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. 2016 Apr 21;8(1):45.
doi: 10.1186/s13073-016-0295-y.

The Influence of a Short-Term Gluten-Free Diet on the Human Gut Microbiome

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Free PMC article

The Influence of a Short-Term Gluten-Free Diet on the Human Gut Microbiome

Marc Jan Bonder et al. Genome Med. .
Free PMC article

Abstract

Background: A gluten-free diet (GFD) is the most commonly adopted special diet worldwide. It is an effective treatment for coeliac disease and is also often followed by individuals to alleviate gastrointestinal complaints. It is known there is an important link between diet and the gut microbiome, but it is largely unknown how a switch to a GFD affects the human gut microbiome.

Methods: We studied changes in the gut microbiomes of 21 healthy volunteers who followed a GFD for four weeks. We collected nine stool samples from each participant: one at baseline, four during the GFD period, and four when they returned to their habitual diet (HD), making a total of 189 samples. We determined microbiome profiles using 16S rRNA sequencing and then processed the samples for taxonomic and imputed functional composition. Additionally, in all 189 samples, six gut health-related biomarkers were measured.

Results: Inter-individual variation in the gut microbiota remained stable during this short-term GFD intervention. A number of taxon-specific differences were seen during the GFD: the most striking shift was seen for the family Veillonellaceae (class Clostridia), which was significantly reduced during the intervention (p = 2.81 × 10(-05)). Seven other taxa also showed significant changes; the majority of them are known to play a role in starch metabolism. We saw stronger differences in pathway activities: 21 predicted pathway activity scores showed significant association to the change in diet. We observed strong relations between the predicted activity of pathways and biomarker measurements.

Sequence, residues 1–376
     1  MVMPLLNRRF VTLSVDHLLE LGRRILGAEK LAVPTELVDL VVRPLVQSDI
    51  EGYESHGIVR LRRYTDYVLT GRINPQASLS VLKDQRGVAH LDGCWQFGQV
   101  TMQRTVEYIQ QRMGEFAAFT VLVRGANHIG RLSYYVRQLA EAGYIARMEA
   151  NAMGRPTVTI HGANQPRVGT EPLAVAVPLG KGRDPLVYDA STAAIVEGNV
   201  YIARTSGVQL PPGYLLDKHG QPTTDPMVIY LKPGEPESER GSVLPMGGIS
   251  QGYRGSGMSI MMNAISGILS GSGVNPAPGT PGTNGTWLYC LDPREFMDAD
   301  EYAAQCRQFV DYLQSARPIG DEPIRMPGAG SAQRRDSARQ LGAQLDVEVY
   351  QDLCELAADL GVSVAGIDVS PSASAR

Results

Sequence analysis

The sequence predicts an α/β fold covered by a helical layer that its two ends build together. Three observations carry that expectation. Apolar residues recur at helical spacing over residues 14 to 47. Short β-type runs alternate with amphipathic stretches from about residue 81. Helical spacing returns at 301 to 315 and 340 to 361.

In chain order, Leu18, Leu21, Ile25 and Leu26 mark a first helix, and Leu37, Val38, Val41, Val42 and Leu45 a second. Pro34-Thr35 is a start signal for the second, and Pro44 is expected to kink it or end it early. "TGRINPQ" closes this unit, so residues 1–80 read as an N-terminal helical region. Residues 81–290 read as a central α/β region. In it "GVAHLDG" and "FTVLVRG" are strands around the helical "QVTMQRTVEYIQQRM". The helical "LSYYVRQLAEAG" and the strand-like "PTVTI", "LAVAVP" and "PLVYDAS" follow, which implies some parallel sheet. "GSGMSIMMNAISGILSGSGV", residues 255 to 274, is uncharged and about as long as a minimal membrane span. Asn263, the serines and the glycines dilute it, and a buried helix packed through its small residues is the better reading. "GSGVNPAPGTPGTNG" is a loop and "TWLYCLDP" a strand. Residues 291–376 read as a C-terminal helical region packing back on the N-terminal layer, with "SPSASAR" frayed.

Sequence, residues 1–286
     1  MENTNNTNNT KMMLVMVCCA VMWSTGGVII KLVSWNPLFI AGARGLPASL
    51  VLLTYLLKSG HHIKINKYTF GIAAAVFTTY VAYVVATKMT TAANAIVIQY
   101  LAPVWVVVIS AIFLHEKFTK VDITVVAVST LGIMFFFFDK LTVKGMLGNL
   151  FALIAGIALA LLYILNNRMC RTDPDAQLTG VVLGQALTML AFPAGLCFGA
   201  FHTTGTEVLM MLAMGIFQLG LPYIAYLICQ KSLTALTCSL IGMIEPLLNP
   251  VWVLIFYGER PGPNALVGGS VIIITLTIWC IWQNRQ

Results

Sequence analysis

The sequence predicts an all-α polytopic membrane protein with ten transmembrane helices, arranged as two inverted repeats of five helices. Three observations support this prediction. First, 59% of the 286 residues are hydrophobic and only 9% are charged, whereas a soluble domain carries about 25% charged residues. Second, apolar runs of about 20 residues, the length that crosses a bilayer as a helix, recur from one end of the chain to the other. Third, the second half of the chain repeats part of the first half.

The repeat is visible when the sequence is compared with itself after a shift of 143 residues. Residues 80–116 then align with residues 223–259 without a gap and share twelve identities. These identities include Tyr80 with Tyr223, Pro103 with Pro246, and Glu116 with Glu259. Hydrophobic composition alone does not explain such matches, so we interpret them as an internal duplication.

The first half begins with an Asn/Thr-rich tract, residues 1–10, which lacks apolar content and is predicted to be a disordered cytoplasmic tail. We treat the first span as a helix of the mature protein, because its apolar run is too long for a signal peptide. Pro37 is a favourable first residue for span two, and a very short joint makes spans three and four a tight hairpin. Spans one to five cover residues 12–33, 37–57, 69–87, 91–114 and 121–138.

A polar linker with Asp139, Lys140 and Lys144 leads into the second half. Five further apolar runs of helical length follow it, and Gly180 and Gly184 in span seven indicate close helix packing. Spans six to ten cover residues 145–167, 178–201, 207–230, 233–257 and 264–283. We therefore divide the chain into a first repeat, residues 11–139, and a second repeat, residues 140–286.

Conclusions: A GFD changes the gut microbiome composition and alters the activity of microbial pathways.

Keywords: Biomarker; Gluten-free diet; Microbiome; Observation study.

Figures

Fig. 1
Fig. 1
Timeline of GFD study, including number of participants and collected samples
Fig. 2
Fig. 2
PCoA plot showing the differences in the samples. a Samples plotted on PCoA 1 and 2, percentage of explained variation is given in the legends. Each color represents an individual, the larger and less opaque spheres are gluten-free diet time points, and the smaller spheres in the same color are habitual diet time points. b The differences in the first component over the time points. There are two groups based on richness, i.e. high versus low, one individual had samples in both groups. The sample belonging to both richness groups has a bolder color
Fig. 3
Fig. 3
a Cladogram showing the differentially abundant taxa. This plot shows the different levels of taxonomy. Gray indicates bacteria higher in the habitual diet and red indicates those higher in the gluten-free diet. The different circles represent the different taxonomic levels. (From inside to outside: Kingdom, Phylum, Class, Order, Family, Genus, and Species). b Comparison of the abundance of Veillonellaceae* in the gluten-free diet vs. habitual diet. In the plot, the aggregate “overall weeks” including correction is shown. * Veillonellaceae is placed in the order Clostridiales in GreenGenes 13.5. However, according to the NCBI classification, it belongs to order Negativicutes
Fig. 4
Fig. 4
Box plot of predicted activity of butyrate metabolism per diet period (a) and the butyrate levels (mol/g) per diet period (b). There was a significant increase in activity in butyrate metabolism (q = 0.001877), but no change in butyrate level was observed

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